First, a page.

Yvonne’s style incorporates loads of texture. She can never remember the proper words, so she’s made up a term for what she does to create that texture. She calls it ‘gooping’. It’s based of a mix of thick Gesso and a texture paste, which she calls ‘goop’. She says she’s hopeless with palette knives, so her teacher, De Gillett, came up with the idea of painting the texture like icing a cake. So, Yvonne now uses plastic seal bags, which she cuts the corner off and decorates the painting like a cake! She does use the palette knives in a few spots, but loves the touchy-feely nature of the icing process and loves the texture and feel of the ‘goop’ when it’s dry.
Once Yvonne has had a play with some images in Photoshop and is ready to paint, she uses acrylics (which she now prefers to oils). She puts some colour down on the canvas with Gesso, and then draws very loosely in charcoal where she thinks the bits will go. After that, it’s many layers of texture to build up the background first. It can be 5 or 6 layers just in the background, and to do the bird’s feathers as well. It’s quite a long process, which is why Yvonne often has 3 or 4 canvases going at once. While one is drying she works on another, although thankfully in Australia the generally warm climate helps the drying process.
After layer upon layer of texture, Yvonne puts down the inks and washes, which really shines over the background. After that, she paints the faces and spends a lot of time painting the details very well. Then she adds more layers of goop and ink, goop and ink. In the end, there can be 15 layers. It means the colours in the painting looks different from different angles and the process is part of what Yvonne loves about it. It’s actually De Gillette’s process, and Yvonne changes and plays around with it for herself.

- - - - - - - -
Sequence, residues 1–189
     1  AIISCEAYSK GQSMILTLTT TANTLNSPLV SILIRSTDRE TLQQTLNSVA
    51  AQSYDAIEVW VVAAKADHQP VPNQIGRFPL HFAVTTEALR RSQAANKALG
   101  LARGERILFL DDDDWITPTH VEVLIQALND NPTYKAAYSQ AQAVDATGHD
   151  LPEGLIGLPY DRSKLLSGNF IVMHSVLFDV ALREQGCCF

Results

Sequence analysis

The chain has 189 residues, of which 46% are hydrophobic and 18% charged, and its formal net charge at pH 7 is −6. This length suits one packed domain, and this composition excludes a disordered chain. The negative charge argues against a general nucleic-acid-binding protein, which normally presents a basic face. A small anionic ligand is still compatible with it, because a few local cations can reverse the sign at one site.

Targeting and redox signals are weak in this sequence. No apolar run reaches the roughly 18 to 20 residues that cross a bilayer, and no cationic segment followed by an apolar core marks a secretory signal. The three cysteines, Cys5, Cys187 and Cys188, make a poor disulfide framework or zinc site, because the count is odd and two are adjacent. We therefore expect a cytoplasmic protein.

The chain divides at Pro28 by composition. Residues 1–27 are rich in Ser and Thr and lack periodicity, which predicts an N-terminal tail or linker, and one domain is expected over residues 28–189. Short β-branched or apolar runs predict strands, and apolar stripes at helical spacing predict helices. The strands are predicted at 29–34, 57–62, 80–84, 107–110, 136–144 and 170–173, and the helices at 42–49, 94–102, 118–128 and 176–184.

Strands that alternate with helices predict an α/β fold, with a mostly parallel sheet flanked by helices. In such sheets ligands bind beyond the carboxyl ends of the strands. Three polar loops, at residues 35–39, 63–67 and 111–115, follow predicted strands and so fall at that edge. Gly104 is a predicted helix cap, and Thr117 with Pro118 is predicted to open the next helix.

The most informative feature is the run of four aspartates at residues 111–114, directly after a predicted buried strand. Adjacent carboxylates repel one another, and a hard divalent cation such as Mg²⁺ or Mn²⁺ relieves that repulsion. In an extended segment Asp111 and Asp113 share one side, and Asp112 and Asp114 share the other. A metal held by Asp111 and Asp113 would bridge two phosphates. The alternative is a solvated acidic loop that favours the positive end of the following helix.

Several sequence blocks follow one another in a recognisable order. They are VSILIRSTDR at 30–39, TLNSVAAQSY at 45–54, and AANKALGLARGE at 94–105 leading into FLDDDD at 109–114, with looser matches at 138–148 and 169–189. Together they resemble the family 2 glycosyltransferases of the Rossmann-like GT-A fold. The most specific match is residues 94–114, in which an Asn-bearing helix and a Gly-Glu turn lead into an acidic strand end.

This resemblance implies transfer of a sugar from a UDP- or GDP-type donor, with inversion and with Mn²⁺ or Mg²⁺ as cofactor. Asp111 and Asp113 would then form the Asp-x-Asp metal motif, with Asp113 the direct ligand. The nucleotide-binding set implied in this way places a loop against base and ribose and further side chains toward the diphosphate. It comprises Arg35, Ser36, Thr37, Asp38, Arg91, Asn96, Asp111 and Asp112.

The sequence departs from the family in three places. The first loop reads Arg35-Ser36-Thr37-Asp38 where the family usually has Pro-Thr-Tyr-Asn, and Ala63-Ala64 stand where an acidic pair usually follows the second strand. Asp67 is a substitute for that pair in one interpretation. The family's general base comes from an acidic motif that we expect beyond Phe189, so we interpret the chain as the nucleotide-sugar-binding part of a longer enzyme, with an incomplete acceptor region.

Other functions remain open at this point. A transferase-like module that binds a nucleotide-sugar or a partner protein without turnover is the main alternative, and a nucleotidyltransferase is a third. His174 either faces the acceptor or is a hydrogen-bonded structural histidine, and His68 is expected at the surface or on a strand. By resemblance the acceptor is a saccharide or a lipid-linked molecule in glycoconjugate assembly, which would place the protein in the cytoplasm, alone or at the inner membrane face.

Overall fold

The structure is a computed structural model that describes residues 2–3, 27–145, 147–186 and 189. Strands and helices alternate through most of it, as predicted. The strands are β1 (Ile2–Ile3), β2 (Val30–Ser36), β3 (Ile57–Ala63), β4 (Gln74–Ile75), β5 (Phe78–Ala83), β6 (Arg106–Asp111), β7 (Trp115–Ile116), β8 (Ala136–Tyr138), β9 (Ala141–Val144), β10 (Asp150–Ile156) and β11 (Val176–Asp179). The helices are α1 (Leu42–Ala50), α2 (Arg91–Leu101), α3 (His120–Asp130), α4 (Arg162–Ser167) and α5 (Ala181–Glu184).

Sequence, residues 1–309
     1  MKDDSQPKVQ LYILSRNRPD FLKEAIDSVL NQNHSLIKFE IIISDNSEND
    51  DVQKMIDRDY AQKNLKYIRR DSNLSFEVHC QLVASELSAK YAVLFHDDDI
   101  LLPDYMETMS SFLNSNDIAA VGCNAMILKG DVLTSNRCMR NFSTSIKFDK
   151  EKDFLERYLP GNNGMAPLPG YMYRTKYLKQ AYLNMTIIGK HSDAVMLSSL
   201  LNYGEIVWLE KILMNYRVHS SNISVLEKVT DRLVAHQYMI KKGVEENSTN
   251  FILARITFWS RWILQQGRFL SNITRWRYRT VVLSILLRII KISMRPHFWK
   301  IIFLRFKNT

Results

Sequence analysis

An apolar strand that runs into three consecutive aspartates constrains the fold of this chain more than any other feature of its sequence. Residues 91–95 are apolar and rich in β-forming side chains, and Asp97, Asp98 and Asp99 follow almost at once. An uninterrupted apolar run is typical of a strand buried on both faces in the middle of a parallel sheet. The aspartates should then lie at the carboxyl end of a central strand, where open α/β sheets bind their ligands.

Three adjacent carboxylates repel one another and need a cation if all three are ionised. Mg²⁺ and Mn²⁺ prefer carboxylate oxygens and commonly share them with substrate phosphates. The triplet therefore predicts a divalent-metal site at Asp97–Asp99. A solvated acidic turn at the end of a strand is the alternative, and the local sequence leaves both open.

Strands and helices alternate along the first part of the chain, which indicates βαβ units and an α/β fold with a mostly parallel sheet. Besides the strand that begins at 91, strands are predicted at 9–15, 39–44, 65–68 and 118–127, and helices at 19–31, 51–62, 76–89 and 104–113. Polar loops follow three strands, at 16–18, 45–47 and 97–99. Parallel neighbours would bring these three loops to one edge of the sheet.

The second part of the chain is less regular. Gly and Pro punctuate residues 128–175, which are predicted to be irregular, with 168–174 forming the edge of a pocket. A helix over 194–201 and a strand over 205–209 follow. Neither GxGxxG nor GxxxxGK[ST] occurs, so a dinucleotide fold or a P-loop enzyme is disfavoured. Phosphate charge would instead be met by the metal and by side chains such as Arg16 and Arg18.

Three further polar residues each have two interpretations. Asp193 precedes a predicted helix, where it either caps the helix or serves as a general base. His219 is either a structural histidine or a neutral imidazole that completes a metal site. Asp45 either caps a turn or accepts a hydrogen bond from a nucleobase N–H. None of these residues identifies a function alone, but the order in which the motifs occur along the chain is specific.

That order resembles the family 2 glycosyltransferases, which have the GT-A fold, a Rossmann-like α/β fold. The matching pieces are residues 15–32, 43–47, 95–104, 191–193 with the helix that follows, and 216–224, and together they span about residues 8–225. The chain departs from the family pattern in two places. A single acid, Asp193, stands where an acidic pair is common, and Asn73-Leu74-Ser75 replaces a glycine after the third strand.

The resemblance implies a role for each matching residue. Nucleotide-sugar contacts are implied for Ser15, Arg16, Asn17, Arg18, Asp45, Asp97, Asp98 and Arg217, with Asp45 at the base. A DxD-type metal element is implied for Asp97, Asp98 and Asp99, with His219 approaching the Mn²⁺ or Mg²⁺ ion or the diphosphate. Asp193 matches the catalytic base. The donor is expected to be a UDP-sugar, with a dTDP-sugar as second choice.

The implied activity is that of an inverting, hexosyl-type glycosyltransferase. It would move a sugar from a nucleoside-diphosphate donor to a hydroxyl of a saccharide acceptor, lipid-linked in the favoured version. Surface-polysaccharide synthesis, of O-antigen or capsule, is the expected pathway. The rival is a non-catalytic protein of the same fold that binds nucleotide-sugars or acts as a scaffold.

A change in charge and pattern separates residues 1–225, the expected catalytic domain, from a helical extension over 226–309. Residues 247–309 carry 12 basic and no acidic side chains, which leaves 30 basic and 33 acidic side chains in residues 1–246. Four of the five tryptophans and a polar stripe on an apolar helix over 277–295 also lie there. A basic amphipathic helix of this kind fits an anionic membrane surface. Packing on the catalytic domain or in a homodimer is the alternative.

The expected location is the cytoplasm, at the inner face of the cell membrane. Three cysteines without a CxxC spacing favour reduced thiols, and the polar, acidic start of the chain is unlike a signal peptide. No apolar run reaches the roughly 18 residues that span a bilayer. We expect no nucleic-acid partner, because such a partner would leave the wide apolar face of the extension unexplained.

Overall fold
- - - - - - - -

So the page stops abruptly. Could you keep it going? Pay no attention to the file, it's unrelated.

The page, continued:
Getting unstuck and staying on track
Yvonne has struggled in the past with getting stuck for ideas and lacking inspiration, however, she finds if she has a break from it, the inspiration comes. Every 10 weeks when her daughter is on school holidays, she has two weeks complete break. By the end she’s so desperate to get back into the art room that the ideas just flow. She also gets ideas from photographs, and will often remember them in the shower and then have to search for the photo to begin drawing and doodling the idea from there. In general, Yvonne finds plenty to look at in her local area, which helps too.
The hardest part for Yvonne is that she gets bored very quickly and can flit and float from one thing to the next without finishing anything. The cure for this is to have a deadline, so she enters into as many local art shows as she can. She also does do commissions, but always worries about pleasing the customers, so prefers to do paintings first and have others buy from there. Currently, she is exhibiting some of her paintings on the wall of a local bespoke jeweler shop. Yvonne is also splitting her time between caring for her Dad and painting, so it’s not full time at the moment. Some days it’s only the deadline of a show that gets her into the art room to work. However, she usually finds that once she’s in there with the music playing loudly, she can paint like crazy.
Yvonne’s favourite creative tools and inspirations
Yvonne says she used to use pencils but would get too pedantic and rub out too much, so now her favourite tool is the humble ball point pen
She also uses Photoshop, and the Wacom tablet for planning her paintings.